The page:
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   Chapter 16 No.16

The Space Pioneers By Carey Rockwell Characters: 15355

Updated: 2017-11-30 00:05


"I'll leave you here," said Vidac to Captain Strong as the two spacemen stood in front of the Administration Building. "Take the slidestairs up to the seventh floor. First corridor to the left. There will be a guard outside their door. Give him this note and there won't be any trouble."

Strong looked at the lieutenant governor coolly. "There better not be," he said.

"That's a strange attitude to take, Captain," said Vidac.

"Vidac," said Strong coldly, "I want you to know right now that I don't like this setup. There are many things cadets might be, but they are not kidnappers or murderers!"

"I intend to prove otherwise!" asserted Vidac.

"I figured you would," said Strong, "but you still have to produce Professor Sykes's body."

"Don't worry, Captain." Vidac smiled. "My men are searching for it now. We'll find it."

"When you do, Vidac," said Strong grimly, "and he happens to be alive, make sure he stays that way, eh?" The Solar Guard captain wheeled and entered the Administration Building before Vidac could answer.

Inside, he found the slidestairs and rode up to the seventh level. Taking the first corridor to the left, he rounded a corner to find Ed Bush standing in front of the door to the cadets' quarters. As he approached, Bush took out his paralo-ray gun and held it on Strong.

"That's far enough, mister," said Bush.

"Do you realize what you're doing?" demanded Strong.

"Never mind what I'm doing," snapped Bush. "Who are you and what do you want?"

"You'd better get spacewise, mister! It's against the law to hold a weapon on an officer of the Solar Guard! I'm Captain Strong and I want to see the cadets!"

"No one gets inside without a pass from Governor Vidac," Bush answered surlily.

Strong pulled out the note and handed it over brusquely. Bush glanced at it and handed it back.

"O.K.," he said. "You got ten minutes." He unlocked the door and stepped aside.

Strong was furious at this treatment. But he held his temper in check, realizing he had to talk to the cadets first and find out what had happened. He would deal with Bush later. He stepped past Bush and opened the door.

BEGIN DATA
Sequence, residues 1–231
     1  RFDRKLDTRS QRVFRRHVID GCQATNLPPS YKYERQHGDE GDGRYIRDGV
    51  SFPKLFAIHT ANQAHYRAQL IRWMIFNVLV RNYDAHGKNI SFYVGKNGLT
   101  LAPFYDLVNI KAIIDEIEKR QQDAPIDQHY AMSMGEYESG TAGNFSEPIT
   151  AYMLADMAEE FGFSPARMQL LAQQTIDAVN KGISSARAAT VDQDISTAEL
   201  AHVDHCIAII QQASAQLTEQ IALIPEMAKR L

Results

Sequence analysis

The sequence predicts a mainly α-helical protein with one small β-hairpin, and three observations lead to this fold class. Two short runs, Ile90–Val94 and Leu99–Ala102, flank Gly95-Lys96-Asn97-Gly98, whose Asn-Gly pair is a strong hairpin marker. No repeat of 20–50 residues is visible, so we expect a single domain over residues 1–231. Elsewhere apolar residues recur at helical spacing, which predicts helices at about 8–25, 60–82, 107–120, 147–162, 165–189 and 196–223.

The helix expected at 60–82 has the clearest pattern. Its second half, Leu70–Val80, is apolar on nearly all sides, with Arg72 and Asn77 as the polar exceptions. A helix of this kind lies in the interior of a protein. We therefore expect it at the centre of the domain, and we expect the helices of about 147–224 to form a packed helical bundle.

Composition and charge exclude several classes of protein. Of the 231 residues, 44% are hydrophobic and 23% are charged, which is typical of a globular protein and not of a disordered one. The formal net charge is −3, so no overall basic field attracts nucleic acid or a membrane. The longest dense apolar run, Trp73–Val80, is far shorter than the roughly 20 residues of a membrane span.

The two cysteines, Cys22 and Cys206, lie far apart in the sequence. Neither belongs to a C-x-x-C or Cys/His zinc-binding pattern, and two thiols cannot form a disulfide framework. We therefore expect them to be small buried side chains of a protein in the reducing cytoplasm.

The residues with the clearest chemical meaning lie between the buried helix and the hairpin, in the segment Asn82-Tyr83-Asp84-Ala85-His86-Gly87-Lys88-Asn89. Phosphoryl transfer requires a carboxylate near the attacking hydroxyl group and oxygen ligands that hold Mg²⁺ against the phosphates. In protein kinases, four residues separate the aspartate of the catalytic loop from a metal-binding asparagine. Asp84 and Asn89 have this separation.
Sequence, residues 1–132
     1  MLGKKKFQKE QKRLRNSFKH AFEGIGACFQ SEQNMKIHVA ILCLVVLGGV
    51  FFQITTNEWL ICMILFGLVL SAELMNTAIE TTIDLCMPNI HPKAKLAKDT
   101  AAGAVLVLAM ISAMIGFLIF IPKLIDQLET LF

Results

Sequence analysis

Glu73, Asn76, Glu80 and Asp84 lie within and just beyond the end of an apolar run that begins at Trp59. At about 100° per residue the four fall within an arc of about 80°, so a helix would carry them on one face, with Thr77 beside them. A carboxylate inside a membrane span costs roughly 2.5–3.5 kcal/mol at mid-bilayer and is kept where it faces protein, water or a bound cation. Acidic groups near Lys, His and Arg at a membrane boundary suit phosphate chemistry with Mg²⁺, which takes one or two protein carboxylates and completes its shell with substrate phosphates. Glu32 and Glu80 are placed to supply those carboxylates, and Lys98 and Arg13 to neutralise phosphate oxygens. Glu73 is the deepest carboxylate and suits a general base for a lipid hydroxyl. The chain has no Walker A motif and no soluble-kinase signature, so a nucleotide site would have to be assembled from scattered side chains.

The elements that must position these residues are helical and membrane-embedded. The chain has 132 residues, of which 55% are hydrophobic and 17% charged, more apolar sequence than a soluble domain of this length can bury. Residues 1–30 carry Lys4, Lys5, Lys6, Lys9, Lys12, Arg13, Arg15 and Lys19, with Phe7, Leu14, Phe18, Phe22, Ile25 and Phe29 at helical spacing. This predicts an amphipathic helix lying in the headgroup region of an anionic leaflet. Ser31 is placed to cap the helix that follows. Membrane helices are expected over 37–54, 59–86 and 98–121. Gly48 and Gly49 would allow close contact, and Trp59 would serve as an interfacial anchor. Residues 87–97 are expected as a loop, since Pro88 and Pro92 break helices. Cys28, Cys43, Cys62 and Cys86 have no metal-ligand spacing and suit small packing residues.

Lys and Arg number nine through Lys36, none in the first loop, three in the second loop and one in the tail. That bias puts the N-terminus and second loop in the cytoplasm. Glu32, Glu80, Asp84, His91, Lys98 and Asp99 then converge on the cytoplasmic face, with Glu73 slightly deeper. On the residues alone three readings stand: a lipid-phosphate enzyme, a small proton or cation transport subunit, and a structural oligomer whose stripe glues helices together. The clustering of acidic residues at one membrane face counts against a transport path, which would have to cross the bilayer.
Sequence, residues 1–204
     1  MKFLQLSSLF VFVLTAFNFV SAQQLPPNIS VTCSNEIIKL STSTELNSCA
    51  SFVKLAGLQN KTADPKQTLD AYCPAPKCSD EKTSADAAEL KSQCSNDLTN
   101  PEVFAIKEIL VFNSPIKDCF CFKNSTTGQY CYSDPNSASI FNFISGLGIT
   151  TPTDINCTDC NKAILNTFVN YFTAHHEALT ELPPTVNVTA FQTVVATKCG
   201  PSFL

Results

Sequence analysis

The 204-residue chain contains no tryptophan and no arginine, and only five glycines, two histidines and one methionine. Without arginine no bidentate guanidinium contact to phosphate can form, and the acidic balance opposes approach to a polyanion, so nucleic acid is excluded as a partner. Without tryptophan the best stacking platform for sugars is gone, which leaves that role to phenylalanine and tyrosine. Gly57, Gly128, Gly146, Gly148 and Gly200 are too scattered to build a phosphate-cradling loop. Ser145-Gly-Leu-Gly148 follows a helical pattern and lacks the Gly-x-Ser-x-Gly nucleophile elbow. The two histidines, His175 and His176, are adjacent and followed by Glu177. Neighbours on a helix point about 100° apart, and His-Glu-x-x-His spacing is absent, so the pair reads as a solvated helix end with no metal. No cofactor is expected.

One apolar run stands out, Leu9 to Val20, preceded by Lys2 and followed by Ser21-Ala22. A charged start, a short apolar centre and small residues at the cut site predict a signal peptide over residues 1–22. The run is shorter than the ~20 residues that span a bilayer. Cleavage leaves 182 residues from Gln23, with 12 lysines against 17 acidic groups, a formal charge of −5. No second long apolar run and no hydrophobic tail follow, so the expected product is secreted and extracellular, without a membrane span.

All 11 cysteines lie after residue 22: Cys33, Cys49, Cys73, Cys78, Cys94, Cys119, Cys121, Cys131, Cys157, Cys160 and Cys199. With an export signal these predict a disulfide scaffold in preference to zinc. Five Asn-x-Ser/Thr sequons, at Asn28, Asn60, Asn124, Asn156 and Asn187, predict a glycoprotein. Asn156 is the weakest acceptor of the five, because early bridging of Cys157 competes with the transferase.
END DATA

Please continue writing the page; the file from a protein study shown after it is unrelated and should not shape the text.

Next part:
"Polaris unit-stand to!" he yelled.

Seated around the table, the three cadets stared at their captain in disbelief, then instinctively rose and snapped to attention. Their backs were straight and their eyes forward, but it was impossible for them to keep smiles off their faces. Suppressing his own elation, Strong managed to stride in front of them in mock inspection, but then could no longer hold back an answering smile.

"Unit-stand easy!"

Like three happy puppies the cadets swarmed over their skipper, pounding him on the back, grabbing his hands, and mauling him until he had to cry out for peace.

"Take it easy," he cried. "Relax, will you! You'll tear me apart!"

"You're the happiest sight I've seen in weeks, sir!" shouted Tom.

"Yeah," drawled Roger, grinning from ear to ear. "I couldn't be happier if you had brought along a ship full of space dolls!"

"When did you get here, sir?" asked Astro. "Why didn't you let us know?"

The questions tumbled out of the boys' mouths thick and fast, and Strong let them chatter until their initial burst of elation had worn itself out. Then, after quickly bringing them up to date on all news of the Academy, and news of Earth, he pulled up a chair and faced them solemnly. The three cadets braced themselves to tell him about their experiences since leaving Atom City.

"There's a lot to tell, sir," began Tom. "But we're only going to give you the facts as we know them, sir. And then let you decide."

Then starting from the beginning, when they were first relieved of their stations on the Polaris on the way out to the satellite, the three cadets related their experiences with Vidac, Hardy, and Professor Sykes. They ended with a detailed account of their being held for the disappearance of the professor.

"And you say that the colonists were forced to pay for their food on the trip out?" asked Strong incredulously.

"Yes, sir," said Tom. "And later, after the ships crashed, there was a shortage of farm tools and equipment, which meant that the colonists would have to farm with chemicals. Vidac made them sign over part of their future profits and mortgage their land holdings to get the chemicals."

"And four hundred ships crashed in landing? Hasn't anybody figured out why yet?" Strong asked.

Roger shook his head. "The instruments just went out, sir," he said. "I never saw anything like it, and when the professor wanted to go down in a jet boat first to investigate, Vidac insisted on taking the Polaris down, anyway. He brought her in by the seat of his pants ..."

"Only because Tom took over when he got cold feet," chimed in Astro.

"Yeah," agreed Roger. "But the others couldn't do it. They just splashed in."

"And there hasn't been any explanation of why the instruments went out?"